The Myth of Tradition 1

The Myth of Tradition 1

We saw yesterday, as we completed our treatment of the Myth of Religion, that those who believe that Religion is the source of morality in society are also likely to place great value on Tradition, since both Religion and Tradition seem to have their roots deep in antiquity.

Today we begin to examine the conservative Myth of Tradition, which combines with the other Major Myths to further consolidate a world view that is debilitating, destructive, and selfish in the highest degree. We will start by defining the Myth, and we will quickly show that Tradition cannot possibly be a fundamental value.


Is Tradition the repository of all wisdom?

The sixth Major Myth is the Myth of Tradition, which holds that Tradition is the repository of wisdom gleaned from the past, and the cornerstone of stability in society. Tradition is supposed to be the treasury of “what works” in human relations, tested over the centuries and annealed in the fires of history.

Believers in this Myth lean on habits and customs handed down from their parents and ancestors. They regard such habits and customs as the standards by which life is to be lived. This saves a great deal of time and effort. They don’t have to think through every important issue of life for themselves.

But it also means that believers have little justification for their positions beyond “That’s the way it’s always been, and eternal verities are, after all—eternal.” Unfortunately, that justification is both too general and too uncertain to be useful.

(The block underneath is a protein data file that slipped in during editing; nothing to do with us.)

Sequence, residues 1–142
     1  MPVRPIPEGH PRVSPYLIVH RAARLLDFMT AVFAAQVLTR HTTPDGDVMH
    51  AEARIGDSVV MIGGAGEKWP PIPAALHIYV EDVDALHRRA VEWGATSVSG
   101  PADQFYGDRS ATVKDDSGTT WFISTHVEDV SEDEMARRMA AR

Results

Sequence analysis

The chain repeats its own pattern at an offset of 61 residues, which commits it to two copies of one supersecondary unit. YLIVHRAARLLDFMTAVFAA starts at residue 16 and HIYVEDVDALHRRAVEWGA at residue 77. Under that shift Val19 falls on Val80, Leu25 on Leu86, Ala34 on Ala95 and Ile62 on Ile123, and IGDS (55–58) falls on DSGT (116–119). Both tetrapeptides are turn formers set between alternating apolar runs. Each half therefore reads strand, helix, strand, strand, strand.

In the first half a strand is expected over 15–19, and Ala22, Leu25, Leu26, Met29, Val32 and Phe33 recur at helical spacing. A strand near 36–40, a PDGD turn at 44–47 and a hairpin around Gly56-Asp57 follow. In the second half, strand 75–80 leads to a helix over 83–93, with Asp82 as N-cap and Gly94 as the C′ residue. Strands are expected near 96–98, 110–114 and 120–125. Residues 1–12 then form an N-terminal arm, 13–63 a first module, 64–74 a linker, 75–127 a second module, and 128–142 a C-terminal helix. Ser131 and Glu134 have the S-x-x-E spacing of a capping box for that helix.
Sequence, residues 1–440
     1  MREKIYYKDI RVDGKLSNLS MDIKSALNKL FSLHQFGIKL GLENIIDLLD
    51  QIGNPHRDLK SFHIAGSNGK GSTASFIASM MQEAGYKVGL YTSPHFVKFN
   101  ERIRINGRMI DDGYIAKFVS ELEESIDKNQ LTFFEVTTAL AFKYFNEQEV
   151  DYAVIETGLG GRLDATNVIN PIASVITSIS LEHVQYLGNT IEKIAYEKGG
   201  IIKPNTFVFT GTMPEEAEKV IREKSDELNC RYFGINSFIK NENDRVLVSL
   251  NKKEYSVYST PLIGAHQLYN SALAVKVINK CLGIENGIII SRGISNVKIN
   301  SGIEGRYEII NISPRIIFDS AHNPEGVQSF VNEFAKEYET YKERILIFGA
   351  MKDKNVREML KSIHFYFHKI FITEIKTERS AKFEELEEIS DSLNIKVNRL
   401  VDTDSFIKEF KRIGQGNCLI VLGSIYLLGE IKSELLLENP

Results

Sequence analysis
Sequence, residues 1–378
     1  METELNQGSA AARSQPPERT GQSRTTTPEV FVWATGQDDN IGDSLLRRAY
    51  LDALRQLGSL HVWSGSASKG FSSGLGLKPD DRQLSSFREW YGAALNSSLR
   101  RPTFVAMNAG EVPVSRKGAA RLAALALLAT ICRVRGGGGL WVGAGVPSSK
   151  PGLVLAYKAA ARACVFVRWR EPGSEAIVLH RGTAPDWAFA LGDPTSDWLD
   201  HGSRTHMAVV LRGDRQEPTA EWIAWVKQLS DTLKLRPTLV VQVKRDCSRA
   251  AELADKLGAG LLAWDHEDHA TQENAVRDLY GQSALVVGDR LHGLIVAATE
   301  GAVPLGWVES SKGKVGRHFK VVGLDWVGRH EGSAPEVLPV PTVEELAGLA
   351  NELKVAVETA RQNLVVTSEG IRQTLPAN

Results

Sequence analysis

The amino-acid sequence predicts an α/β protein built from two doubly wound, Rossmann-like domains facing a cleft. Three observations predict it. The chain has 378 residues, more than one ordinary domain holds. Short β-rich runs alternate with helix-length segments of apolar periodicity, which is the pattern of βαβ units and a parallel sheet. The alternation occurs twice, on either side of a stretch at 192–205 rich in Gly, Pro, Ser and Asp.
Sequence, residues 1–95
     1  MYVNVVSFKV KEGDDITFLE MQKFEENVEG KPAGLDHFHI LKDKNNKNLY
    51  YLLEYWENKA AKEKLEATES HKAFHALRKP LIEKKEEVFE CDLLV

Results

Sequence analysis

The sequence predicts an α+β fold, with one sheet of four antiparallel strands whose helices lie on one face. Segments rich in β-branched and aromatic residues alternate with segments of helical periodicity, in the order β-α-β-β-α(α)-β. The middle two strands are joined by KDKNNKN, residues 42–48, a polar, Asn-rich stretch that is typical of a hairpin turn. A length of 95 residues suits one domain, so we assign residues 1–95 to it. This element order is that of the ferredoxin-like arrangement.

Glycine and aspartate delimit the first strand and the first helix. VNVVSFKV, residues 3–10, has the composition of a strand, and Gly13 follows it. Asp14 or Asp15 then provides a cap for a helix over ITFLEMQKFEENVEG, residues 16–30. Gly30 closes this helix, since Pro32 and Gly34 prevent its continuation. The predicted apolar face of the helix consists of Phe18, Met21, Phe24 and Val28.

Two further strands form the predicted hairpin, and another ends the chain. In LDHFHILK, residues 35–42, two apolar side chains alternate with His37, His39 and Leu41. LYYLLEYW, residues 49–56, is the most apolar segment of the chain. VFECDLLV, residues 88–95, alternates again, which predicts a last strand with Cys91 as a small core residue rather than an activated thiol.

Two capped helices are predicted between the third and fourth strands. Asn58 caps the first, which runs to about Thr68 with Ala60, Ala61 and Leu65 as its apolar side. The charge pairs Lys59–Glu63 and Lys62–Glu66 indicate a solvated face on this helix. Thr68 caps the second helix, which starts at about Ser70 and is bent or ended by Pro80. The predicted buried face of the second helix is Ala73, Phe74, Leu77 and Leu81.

There can be no guarantee that any particular tradition is an eternal verity. And the very use of this justification usually implies that a challenge has arisen to confront the presumed verity.

Furthermore, neither the length of time a custom has existed nor its putative utility are the most important factors in judging its value. A practice can be both traditional and foolish, traditional and unjust, traditional and irrational.

For instance, slavery was a long-standing and utilitarian practice. But it had to be eliminated, because it was fundamentally unjust. Justice, to name just one thing, trumps Tradition.


On Monday, we will see that, even though Tradition may contain much wise and useful information, it is also the repository of much that is foolish, unjust, and irrational.

Until Monday, then.

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